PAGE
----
Rachel Carson and Her Contributions to the Environmentalism Movement

Who was Rachel Carson?

In a nutshell — my hero!

Rachel Carson is the American marine biologist, author, and conservationist whose book, Silent Spring, is credited with advancing the environmentalism movement.

After World War II, the world went crazy over chemicals. Industries and governments believed that humans could tame and control nature through the use of synthetic chemicals. People believed that DDT was a miracle and it was severely overused.

Rachel Carson, who had already wrote several biology and naturalist books and conservation pamphlets for the US government, decided to write Silent Spring to expose the dangers of widespread DDT usage. In Silent Spring, Rachel Carson dared to ask the hard questions about whether and why humans had the right to control nature; to decide who lives or dies, to poison or to destroy non-human life.

Chemical companies sought to discredit her as a Communist or hysterical woman with an affinity for cats.

Her tenacity helped in shaping a growing environmental consciousness.
The Clean Air Act became law in 1963.
In late 1969, President Richard Nixon signed the National Environmental Policy Act, regarded as the most important piece of national environmental legislation. 

Her efforts sparked the movement leading to the establishment of Earth Day.

Learning Resources

What kind of Mom who studies the environment be if I didn’t turn this into an opportunity to teach the kids about Rachel Carson and her contributions to the Environmental Movement? Especially on Earth Day?!

Rachel Carson colouring sheet
I will be adding this into Teghan’s learning activities for Earth Day.

Rachel Carson learning unit on Brain Pop
Geared towards upper elementary kids.

Rachel Carson facts and worksheet bundle on kidskonnect
Another one for upper elementary kids.
With a basic membership, you can download the sample. It’s only $5-ish USD a month, but we already have a few subscriptions for learning resources.

The kids love watching The Who Was Show on Netflix, so I was thrilled when I found the book on Rachel Carson. Unfortunately, we won’t be able to get it for a while due to it not being considered essential.

Do you know this book?

I once, by chance, picked up a kids book at the library.
It seemed to be older, maybe from the 90’s.
The story is an allegory to Silent Spring and even mentions the book and the dangers of DDT after the story.
The story involves a kingdom that prides itself on their gardens and flowers. They didn’t really have much of a bug problem, but a wizard showed up and convinced the king to use his magic powder. People started getting covered in spots and sores, people were getting sick and even the wizard got sick. In the end, the princess convinces everyone to stop using the powder and people get better.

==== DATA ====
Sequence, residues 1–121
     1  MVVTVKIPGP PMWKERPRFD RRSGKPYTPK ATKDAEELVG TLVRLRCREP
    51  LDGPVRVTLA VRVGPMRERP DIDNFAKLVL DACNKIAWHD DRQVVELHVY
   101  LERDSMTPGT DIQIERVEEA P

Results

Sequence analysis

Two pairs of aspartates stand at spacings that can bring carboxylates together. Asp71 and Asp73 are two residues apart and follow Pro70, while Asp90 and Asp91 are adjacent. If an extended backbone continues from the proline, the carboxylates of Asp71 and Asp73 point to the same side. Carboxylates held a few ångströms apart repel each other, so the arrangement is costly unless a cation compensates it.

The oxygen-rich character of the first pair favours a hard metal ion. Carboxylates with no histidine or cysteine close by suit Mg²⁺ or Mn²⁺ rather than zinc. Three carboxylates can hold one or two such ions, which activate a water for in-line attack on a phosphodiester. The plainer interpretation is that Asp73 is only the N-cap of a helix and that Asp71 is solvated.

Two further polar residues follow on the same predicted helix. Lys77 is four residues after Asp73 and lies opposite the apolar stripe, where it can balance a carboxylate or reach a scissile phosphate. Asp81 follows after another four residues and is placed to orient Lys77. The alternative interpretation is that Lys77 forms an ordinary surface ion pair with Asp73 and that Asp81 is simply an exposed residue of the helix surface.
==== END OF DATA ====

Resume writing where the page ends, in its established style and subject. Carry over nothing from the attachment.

It was about two years ago.
The librarians have no idea, book store employees aren’t able to help me.
I’ve asked other parents and even university professors.
Have you by chance read this book?
Let me know in the comments.

Happy 50th Earth Day!

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25 thoughts on “Rachel Carson and Her Contributions to the Environmentalism Movement

  1. I haven’t heard of Rachel Carson but she sounds like a great person for kids to learn about. I think it’s important to raise kids who honor the environment in which they live.

  2. Nicely done. I keep thinking I should read Silent Spring one of these days – such a pivotal historical artifact. (I’m a historian by training.) I seriously cannot believe there was DDT-coated wallpaper for kids’ rooms at one point! Eeew!

  3. What an inspiring woman! Thank you for sharing about her. My kids really enjoy the Who Was … series, so we will have to look for this one!

  4. Thanks for sharing such great info. I’ve never heard of her before but she sounds like an inspiration. And definitely someone to teach kids about.

  5. I didn’t know about her! I love learning new things and definitely will share the books with my kids!

  6. Thank you for writing this post. Rachel Carson is a much less-known female than many others in our society. Unfortunately, she’s done more than enough to deserve recognition!

  7. Very interesting! I will be sharing with my family. I’ve actually heard of her before but didn’t know she had a book.

  8. I love Rachel Carson’s writing although I haven’t yet read Silent Spring.

    I came across her when I was looking for a creative nonfiction writer who wrote with great passion about the sea and I discovered her little known debut Under the Sea-Wind, which I learned is also her personal favourite of all the books she wrote. In fact, it is the first in a trilogy of books she wrote about the sea, but a week after publication, in 1941, the Japanese bombed Pearl Harbour, and the world was severely distracted from any other subject.

    10 years later she published the second book The Sea Around Us (1951) to great acclaim and it became a NYT bestseller. The first book deals with creatures of the sea, and she narrates the story through their eyes, a female sanderling named Silverbar, Scomber the mackerel and Anguilla the migrating eel. The second, I have just finsihed and is all about the sea, the ocean, the currents, streams within oceans, tides, formation of islands, the sea as mother, teacher and playground of humans.

    A wonderful role model, thanks for your lovely post, I hope you get to read her sea books if you haven’t already.

  9. I absolutely love this! I love the educational resources you shared. I’m not a teacher any longer, but I know many who are. Will be sharing this with them! Yay history!

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